The technical world is abuzz with the plethora of large scale telescopes coming over the horizon in the wake of the Hubble Space Telescope’s success (once the right unit system was in use).
The Giant Magellan Telescope (GMT) is scheduled to be fully up and working in Chile’s Atacama Desert by 2024 and will be the world’s largest optical telescope.
The even larger proposed $1.4bn optical Thirty Metre Telescope (TMT) on Mauna Kea in Hawaii has yet to begin construction following protests from the local population.
These two, once built will be larger than the current Very Large Telescope from The European Space Observatory in Chile (VLT) though may face competition from the European – Extremely Large Telescope (E-ELT) .
There is also the the Large Binocular Telescope (LBT) in the USA.
Successor to the Hubble is the James Webb Telescope (JWT) to be launched in 2018 and will operate in the mid-infra red to long wavelength visible range. Hubble was in essence an optical telescope and sensitive to light from about 800M years after the big bang; JWT will extend back to 200M year mark (CMB is around 400,000 years after the BB). When launched JWT will live at the Lagrange point (L2) beyond the moon and will orbit the sun in a fixed position relative to the earth. JWT will be blocked from the IR emissions of the sun, moon and earth by employing its ultra-thin Kapton heat-resistant shield on one side only.
The successor to JWT has already been mooted – the HDST, High Defintion Space Telescope, pencilled in for the 2030’s and using UV light and near IR.
On the radio wavelength scale the Sqaure Kilometre Array (SKA) – based in South Africa, Australia and controlled from Jodrell Bank, UK will generate more data then the LHC at Cern – how will the computer scientists deal with that onslaught!?
One of the three precursor telescopes to SKA is Murchison Widefield Array in (MWA) Australia used in the search for the very early “seed” galaxies just after “first light”.
And the world’s largest digital camera – the Large Synoptic Survey Telescope (LSST), nearing completion in Cerro Pahon, Chile and will be studying stellar objects that change over time and will be the most powerful survey telescope ever built – but at a cost to the Arecibo disc?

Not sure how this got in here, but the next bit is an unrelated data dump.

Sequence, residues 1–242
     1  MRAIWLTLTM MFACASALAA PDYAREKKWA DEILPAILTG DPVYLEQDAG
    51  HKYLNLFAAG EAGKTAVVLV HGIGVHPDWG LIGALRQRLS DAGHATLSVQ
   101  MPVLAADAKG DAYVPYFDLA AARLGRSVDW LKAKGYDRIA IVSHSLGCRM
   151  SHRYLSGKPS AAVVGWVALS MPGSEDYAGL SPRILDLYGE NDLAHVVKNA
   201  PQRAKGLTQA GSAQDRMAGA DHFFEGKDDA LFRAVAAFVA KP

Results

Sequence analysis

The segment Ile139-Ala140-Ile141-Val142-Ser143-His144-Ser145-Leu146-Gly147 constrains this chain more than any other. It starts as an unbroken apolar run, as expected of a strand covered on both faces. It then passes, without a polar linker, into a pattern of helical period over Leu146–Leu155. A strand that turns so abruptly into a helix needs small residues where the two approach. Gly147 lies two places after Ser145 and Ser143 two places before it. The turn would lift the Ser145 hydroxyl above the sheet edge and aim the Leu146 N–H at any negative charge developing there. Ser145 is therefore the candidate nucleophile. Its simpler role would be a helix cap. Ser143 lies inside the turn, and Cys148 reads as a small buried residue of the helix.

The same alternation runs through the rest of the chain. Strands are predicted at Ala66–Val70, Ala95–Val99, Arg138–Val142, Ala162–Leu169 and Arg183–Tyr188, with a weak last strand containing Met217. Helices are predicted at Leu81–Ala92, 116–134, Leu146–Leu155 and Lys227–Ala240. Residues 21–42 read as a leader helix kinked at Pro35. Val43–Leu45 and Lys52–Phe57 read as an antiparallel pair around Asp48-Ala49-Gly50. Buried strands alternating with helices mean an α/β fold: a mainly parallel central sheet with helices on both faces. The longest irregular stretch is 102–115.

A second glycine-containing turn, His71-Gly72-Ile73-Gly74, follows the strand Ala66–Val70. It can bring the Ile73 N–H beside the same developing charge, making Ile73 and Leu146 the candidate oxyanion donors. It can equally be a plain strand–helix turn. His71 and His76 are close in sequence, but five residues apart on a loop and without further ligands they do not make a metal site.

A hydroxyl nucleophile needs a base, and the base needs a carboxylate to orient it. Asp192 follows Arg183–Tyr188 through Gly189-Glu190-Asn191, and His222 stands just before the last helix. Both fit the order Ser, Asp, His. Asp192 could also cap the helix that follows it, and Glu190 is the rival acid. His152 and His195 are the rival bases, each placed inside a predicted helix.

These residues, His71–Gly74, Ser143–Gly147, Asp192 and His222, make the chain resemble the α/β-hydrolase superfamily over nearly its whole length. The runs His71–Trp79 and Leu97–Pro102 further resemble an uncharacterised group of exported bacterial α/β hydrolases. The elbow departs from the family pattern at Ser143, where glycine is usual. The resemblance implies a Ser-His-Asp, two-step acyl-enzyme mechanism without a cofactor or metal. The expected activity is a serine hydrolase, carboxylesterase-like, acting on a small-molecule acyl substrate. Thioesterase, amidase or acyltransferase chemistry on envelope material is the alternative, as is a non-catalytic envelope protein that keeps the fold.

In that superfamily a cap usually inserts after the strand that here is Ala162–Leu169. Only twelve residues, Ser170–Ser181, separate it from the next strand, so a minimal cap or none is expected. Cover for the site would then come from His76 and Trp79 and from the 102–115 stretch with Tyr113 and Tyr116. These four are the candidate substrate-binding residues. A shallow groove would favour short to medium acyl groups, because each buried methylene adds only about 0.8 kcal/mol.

The Wide Field Infra-red survey (WFIRST) is another survey telescope – this time in the IR range – a space telescope and will sit in geo-stationery orbit.
The neutrino telescope KM3NeT will be the next generation of neutrino searching telescopes.
The BICEP-2 experiment measures the polarization of the CMB but steady on with those predictions of gravitational waves and hence the inflation theory of the big bang. Those claims were later to hit the dust literally as the polarisation was due to interstellar dust. Eyes peeled though on BICEP3!…
Now CMB-S4, a new blueprint for a study of, among other items, to measure the polarisation of the CMB caused by G-waves to one more order of magnitude of sensitivity.
and watch out for…
NGARI-1 telescope a new China/US colloboration (Hurrah!) – B-mode polarization of the CMB- cosmic inflation.
The Event Horizon Telescope (EHT) employs a network of millimetre wave observatories from around the world to form a giant interferometer to reveal geometrical effects around black holes – of all things with a small resolving power of only a few mm.
And associated with all things predicted from general relativity, particularly gravitational waves, two telescopes are being proposed; eLISA will be in space and the Einstein telescope somewhere underland in Europe . Both telescopes using the similar approach to the existing LIGO interferometry techniques.
Stop Press!! February 2016 – gravitational waves detected by LIGO!! And traveling at the speed of light – does this mean the graviton has zero mass, and if so what are the implications for the cosmological constant and dark energy? And did the CHANDRA X-ray telescope pick up the aftermath of the black hole collision, or was it just noise?
The first paper from the New Horizons project details spectacular views of Pluto and its moon system.
Software based adaptive optics: possibilities for eye imaging without the expensive hardware option:
Advances in cameras are being made too. Already we’ve seen the development from photosensitive chemicals to digital image capture and storage; manual to electromechanical driven hardware; CCD (charge coupled devices) and CMOS (complementary metal oxide semiconductor) convert photons to charge for image capture.
Some new techniques (computational cameras) include taking infrared images in 2D or 3D without the need for pixellated sources (hence cheaper); imaging systems to produce video images of a light pulse and 3D imagery using just one single stationary camera.
The non-pixellated sensor camera uses a single photosensitive detector and an array of adjustable mirrors that shine the light on the detector (photodiode). In effect the camera just needs one pixel and works well at imaging moving objects as well as detecting hidden objects behind visible light objects.
Future applications include imaging hazardous gas leaks, peeking around corners or creating 3D cameras via a 3D printer.
LIDAR – surveying via LASER…
Communication via light rather than radio waves – PureLiFi here in Scotland is one leading the way…
Entanglement, teleportation, mensuration, computing…
A Note on Light units…
One candela is the light energy over one solid angle; the lumen is that energy over the whole sphere; lux is the energy per unit area. The candela is roughly the energy emitted by a standard candle at 1 metre’s distance. Note at 1 metre distance, candelas = lux = lumens/4π
The Moon: 1 lux on the earth at full moon so 1017 cd
The Sun: 105 on the earth in direct sunlight so 1027 cd
Light bulbs come in around 1000 lumens, just watch the wattage!